Description:  This course examines foundations of evolutionary developmental biology with the specific goal of integrating of classic concepts and approaches of ecological and population genetics with recent advances in developmental and molecular biology. The purpose of the class is to facilitate critical reexamination and discussion of the modern evolutionary synthesis and its role in guiding empirical studies in biology and to review novel conceptual approaches that explicitly integrate development into evolutionary studies.
Grading:  Regular or alternative grades can be awarded for this course: A B C D E or S P C D E.
Usually offered:  Fall.

ECOL 596J -- Plant Population Ecology  (1-3 units)
Description:  The development and exchange of scholarly information, usually in a small group setting. The scope of work shall consist of research by course registrants, with the exchange of the results of such research through discussion, reports, and/or papers.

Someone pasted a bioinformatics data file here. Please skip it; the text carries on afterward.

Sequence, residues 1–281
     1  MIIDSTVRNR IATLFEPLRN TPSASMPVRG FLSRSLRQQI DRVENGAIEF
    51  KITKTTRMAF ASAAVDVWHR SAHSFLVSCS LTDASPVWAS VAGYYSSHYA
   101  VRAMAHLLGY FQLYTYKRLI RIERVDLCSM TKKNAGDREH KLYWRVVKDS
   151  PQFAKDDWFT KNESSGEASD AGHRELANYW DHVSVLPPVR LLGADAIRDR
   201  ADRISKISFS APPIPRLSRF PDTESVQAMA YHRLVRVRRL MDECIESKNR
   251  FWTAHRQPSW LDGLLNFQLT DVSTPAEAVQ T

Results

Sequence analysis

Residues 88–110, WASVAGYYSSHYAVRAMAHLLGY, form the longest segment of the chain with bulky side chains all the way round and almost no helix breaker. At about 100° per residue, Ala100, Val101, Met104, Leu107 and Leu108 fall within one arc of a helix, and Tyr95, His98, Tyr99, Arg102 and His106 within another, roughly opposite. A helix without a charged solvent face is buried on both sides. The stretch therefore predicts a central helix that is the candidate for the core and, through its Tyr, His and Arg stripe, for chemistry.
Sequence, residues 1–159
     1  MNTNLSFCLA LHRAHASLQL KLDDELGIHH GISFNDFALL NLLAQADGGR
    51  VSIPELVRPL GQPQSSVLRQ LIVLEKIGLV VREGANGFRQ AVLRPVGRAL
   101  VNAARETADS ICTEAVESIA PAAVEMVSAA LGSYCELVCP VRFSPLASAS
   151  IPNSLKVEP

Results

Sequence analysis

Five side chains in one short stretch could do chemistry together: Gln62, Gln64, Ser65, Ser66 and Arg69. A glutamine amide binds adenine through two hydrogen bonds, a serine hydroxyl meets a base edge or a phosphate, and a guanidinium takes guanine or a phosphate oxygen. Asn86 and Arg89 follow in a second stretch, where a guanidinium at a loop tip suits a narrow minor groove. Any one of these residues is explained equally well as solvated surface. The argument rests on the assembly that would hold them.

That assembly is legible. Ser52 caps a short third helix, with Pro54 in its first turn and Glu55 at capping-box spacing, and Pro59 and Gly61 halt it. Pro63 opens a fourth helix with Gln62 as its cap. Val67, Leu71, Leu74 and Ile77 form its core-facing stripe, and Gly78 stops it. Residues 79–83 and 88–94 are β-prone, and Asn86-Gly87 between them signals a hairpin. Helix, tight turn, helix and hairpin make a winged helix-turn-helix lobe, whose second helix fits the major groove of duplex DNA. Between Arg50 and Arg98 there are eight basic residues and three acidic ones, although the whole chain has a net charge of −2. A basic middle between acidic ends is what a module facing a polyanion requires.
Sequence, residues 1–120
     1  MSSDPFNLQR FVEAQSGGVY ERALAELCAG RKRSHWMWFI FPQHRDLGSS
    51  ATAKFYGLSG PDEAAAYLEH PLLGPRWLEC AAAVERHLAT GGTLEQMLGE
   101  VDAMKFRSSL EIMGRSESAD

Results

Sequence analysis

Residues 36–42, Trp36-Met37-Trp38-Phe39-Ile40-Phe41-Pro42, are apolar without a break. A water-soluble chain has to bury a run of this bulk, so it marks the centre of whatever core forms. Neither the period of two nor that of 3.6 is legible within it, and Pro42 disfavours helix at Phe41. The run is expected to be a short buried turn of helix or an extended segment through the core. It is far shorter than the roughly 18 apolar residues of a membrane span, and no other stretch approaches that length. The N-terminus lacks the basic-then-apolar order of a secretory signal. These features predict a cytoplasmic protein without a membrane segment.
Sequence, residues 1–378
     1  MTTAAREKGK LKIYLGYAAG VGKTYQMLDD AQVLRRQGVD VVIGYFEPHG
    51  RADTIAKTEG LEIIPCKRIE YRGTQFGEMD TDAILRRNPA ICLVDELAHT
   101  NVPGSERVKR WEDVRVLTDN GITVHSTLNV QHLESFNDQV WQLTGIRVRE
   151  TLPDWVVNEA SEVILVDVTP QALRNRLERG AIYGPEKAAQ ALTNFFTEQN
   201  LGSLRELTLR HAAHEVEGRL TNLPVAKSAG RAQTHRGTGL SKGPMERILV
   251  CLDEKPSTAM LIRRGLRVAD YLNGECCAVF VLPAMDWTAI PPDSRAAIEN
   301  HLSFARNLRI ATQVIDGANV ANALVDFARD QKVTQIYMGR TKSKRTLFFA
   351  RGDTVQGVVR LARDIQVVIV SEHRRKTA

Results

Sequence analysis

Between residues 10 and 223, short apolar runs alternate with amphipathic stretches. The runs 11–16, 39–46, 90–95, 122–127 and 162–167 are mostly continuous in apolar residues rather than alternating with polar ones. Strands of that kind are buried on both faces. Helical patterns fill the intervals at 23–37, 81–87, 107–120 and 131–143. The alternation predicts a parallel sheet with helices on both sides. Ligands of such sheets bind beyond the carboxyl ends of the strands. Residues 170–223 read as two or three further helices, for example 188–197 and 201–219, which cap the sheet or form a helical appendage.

Grading:  Regular or alternative grades can be awarded for this course: A B C D E or S P C D E.
May be repeated:  for a total of 18 units of credit.
May be convened with:  ECOL 496J.
Usually offered:  Spring.

ECOL 596L -- Current Topics in Tropical Forest Ecology and Biogeochemistry  (2 units)